King, Rev. J. M., 139.
Knapp, Rev. E. E., 167, 168.
Knapp, Rev. Halsey W., 37, 38, 181,
Knapp, Rev. Jacob, 64-68.
Knapp, Rev. Samuel J., 37, 46, 159.
Krygar, Rev. Geo. W., 183.
Laight Street Church (first one),
68, 163, 194.
Laight Street Church (second one),
Landor, Walter Savage, 115.
Lathrop, Rev. Edward, 69, 70.
Lawson, Dea. L. M., Ill, 112, 113,
123, 124, 146.
Lawson, Miss Louise, 111, 114.
Lay -preaching Association, 78-85,
Lay-preaching Association Mem-
Leavell, Rev. W. H., 46.
Lexington Avenue Church, 166.
"Life of Spencer H. Cone," 19, 21
List of City Churches in 1835, 7.
Long Island Association, 202, 203.
Ludlow, John R., 198.
Lux, Rev. Paul J., 184.
Lyon, Roger H., 24.
MacArthur, Robert Stuart, d. d.,
44, 45, 116-118.
Macdougal Street Church, 35.
Maclay, Rev. Archibald, 7, 11-17,
40, 41, 87.
"Maclay Memorial," 11.
MacMurray, Rev. D. A., 169.
Madison Avenue Church, 30, 31,
96, 178, 179.
Madison Avenue Committee on
Magoon, Rev. E. L., 28, 29.
Mariner's Harbor Church, Mari-
ner's Harbor, 177.
Mariner's Temple Church, 60, 161,
Marschard, Rev. Henry, 174.
Mason, Col. Joel W., 129.
McKean, Rev. John A., 157.
Melrose Mission Society, 163.
Memorial Church of Christ, 15&-
Messiah Church, Yonkers, N. Y.,
Middleton, Rev. John, 7.
Mikels, Rev. Wm. S., 60.
Miller, Rev. D. Henry, 124, 125, 134,
Miller, Rev. Wm. G., 7.
Mitchell, Dr., 5, 6.
Moore, Rev. Halsey, 166.
Morningside Church, 169.
Morrison, Rev. Wm., 176.
Mott, Richard, 156.
Mount Gilead Chiirch, 170.
Mount Morris Church, 161, 162.
Mount Olivet Church, 34, 131, 170-
173, 175, 181.
Mulberry Street Church, 7, 10, 14,
15, 17, 39.
Murch, Rev., 165.
Nanuet Church. Nanuet, N.Y., 184.
Neale, Rev. Rollin H., 190.
Nepperhan Avenue Church, Yon-
kers, N. Y., 181.
Newton, Dea. Isaac, 28, 189.
New York Association, 79, 152.
" New York Chronicle," 159.
" New York Herald," 67.
" New York Recorder," 162.
Niles, Mr. L. H., 128.
Noe, Deacon, 40, 41.
Norfolk Street Church, 42, 71-75,
78, 86-95, 110, 129, 162.
Norfolk Street Church Officials,
Norfolk Street Church Committee
on Location, 92.
Norfolk Street Church List of Dea-
North Beriah Church, 7, 35, 156,
North Church, 7, 36, 49-52.
North Church, Port Chester, N. Y.,
North Church, Port Richmond, N,
Norton, Rev. C. C, 29, 137, 154, 155,
Nott, Rev. A. Kingman, 151, 152.
Oliver Street Churcb, 3, 4, 7, 8, 14,
19-23, 27-33, 53, 62, 178, 185, 189.
Oliver Street Church Committee
on Union, 30.
Oliver Street Church Officials, 199.
Olmstead, John W., 196.
Oncken, John G., 160.
Osborne, Rev. A. C, 37.
Osgood, Howard, d. d., 29, 49, 50.
Park Church, Port Richmond, N.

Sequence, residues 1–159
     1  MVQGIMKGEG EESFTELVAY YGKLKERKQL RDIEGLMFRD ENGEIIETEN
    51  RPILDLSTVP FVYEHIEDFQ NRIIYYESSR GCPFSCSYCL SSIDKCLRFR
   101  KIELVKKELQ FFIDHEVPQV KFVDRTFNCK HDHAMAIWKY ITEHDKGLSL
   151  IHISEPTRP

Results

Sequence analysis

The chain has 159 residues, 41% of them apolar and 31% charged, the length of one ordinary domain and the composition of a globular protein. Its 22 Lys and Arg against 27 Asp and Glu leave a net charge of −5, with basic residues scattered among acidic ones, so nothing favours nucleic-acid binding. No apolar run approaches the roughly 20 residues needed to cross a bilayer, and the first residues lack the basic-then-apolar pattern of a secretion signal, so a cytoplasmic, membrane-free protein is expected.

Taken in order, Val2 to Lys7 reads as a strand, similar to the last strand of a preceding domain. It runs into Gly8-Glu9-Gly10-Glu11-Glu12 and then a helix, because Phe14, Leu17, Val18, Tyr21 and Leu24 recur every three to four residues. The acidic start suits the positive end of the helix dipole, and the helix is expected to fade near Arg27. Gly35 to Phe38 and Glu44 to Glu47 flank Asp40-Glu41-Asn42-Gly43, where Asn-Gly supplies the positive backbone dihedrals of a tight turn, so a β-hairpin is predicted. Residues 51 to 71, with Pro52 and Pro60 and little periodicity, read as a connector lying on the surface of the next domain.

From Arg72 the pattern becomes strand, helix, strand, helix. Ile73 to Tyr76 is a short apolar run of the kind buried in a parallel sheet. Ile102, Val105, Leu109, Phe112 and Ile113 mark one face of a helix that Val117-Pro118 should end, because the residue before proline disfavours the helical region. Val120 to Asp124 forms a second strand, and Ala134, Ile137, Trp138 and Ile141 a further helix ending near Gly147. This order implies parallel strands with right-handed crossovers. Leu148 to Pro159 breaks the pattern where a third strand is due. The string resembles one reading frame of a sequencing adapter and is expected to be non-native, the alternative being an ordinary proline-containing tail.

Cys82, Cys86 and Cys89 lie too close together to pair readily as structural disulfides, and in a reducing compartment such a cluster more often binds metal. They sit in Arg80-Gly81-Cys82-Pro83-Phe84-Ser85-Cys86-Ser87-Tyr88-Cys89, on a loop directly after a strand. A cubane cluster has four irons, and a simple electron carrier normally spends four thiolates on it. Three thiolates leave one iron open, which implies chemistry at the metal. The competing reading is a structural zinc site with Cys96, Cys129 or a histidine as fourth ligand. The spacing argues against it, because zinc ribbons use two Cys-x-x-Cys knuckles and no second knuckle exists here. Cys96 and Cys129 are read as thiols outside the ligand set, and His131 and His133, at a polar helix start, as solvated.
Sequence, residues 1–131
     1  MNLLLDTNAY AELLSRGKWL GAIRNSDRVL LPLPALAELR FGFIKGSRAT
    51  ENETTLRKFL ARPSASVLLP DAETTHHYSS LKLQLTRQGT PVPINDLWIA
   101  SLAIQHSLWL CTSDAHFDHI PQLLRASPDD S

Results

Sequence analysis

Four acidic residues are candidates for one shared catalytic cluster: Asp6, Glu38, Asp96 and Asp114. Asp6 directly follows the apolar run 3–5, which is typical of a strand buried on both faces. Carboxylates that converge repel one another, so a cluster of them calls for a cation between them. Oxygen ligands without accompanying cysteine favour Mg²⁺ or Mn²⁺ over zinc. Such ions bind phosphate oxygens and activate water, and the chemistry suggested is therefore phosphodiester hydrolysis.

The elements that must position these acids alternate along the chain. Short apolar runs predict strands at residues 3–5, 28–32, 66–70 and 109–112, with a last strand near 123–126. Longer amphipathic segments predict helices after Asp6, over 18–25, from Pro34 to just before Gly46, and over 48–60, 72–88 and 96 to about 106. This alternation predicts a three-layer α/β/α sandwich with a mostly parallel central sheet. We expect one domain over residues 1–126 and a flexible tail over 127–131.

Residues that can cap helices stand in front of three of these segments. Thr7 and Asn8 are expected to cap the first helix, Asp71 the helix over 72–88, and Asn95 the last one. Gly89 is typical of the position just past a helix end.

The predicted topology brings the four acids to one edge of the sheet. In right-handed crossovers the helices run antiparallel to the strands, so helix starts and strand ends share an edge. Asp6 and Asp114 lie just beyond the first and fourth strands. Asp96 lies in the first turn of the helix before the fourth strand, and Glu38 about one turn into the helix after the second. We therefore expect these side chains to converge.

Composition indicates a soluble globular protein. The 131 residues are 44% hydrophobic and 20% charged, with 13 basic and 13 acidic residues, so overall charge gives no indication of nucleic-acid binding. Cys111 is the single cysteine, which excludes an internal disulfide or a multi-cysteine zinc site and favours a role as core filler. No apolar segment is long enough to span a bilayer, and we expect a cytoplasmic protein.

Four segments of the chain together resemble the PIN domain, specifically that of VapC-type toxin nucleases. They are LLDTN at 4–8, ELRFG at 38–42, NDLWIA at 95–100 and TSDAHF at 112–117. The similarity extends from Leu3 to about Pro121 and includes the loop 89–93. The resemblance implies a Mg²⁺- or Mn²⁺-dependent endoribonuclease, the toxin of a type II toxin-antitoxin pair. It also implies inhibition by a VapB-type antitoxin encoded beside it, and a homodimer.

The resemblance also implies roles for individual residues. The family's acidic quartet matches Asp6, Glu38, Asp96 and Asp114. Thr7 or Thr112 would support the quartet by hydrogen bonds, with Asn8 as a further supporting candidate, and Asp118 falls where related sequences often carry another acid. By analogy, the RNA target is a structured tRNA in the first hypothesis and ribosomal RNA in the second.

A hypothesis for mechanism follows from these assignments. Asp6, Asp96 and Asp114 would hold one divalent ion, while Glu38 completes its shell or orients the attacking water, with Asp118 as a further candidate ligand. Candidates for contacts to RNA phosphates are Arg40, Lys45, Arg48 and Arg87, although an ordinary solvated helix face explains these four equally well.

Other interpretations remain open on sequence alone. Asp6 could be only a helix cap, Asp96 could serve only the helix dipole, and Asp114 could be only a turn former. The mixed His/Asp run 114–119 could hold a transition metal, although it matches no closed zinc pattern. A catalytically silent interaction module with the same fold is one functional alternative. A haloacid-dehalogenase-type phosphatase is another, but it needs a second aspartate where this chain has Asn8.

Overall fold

Parkinson, Rev. Wm., 7, 24, 25,
Parmely, Rev. D. S., 159.
Patton, Rev. A. S., 196.
Patton, Rev. J. Ferris, 163.
Pearl Street Church, Albany, N.
Pearl Street Church, Brooklyn, N.
Peck, Doctor, 54, 56.
Peck, James M., 38.
Peck, Rev. John, 191, 192.
Peddie, Rev. John, 153.
Pegg, Roger, 28.
Pell, Dea. W. T., 128.
Peltz, Rev. G. A., 38.
Pendleton, Rev. Wm. H., 61, 159.
People's Church, 163.
Perkins, Rev. Aaron, 156, 157.
Pierrepont Street Church, Brook-
Pilgrim Church, 38, 167, 194.
Pilgrim Church, Nyack, N. Y., 183.
Pilgrim Church, West Farms, N.
Y., 181, 182, 194.
Piscataway Church, Stelton, N. J.,
Plummer, Mr. J. F., 112, 122, 134.
Plymouth Church, 37, 38.
Pogson, Rev. Matthew H., 60.
Pontefract, 108, 109.
Potter, Bishop Henry C, 138.
Potter, Rev. Daniel C, 71, 121, 154,
Purser, Thomas, 28.
Putnam, Mrs. A. C, 60, 160.
Putnam, Rev. James W., 168.
Rabbit-warren Church, 4.
Rauschenbusch, Rev. Walter, 175.
Raymond, Rev. Lewis, 90.
Raymond, Rev. John T., 7, 26.
Remington, Rev. Frank, 49.
Remington, Rev. Stephen, 45.
Reid, Dea. J. D., 89, 101, 104, 122.
Rhodes, Rev. Christopher, 46.
Rivers, Rev. J. J., 174.
Riverside Church, 71, 169, 170.
Roberts, Rev. E. W., 181.
Rochester Theological Seminary,
Rockefeller, John D., 124, 125.
Root, Sidney, 171, 172.
Roth, Rev. Charles, 176.
Rutgers Institute, 86.
Sabine, Rev. Wm. T., 138.
Salmon, H. H., 38.
Salem Church, New Rochelle, N.
Samson, Rev. Geo. W., 58.
Sanders, Rev. Henry M., 106, 138,
Sarles, Rev. JohnW., 203.
Saunders, Dea., 177.
Saunier, Rev. Edward M., 183.
Scott. Rev. J. W., 26, 166.
Schulte.Rev. G. M., 174.
Seaman's Bethel, 160.
Second Avenue Church, 170.
Second Church (Chrystie Street),
Second Church (Bowery), 7.
Second Church, Chicago, 111., 153.
Second Church of Harlem, 166.
Second Church, Providence, R. I.,
Second Church, Rochester, N. Y.,
Second German Church, 175.
Second Mission Church, 163.
Seeley, Rev. John T., 154, 155.
Seton, Mr. W. S., 35.
Sharon Church, 170.
Sharp, Rev. Daniel, 190.
Sheldon, Dea. Smith, 154.
Shiloh Church, 174.
Simmons, Rev. James B., 104, 168.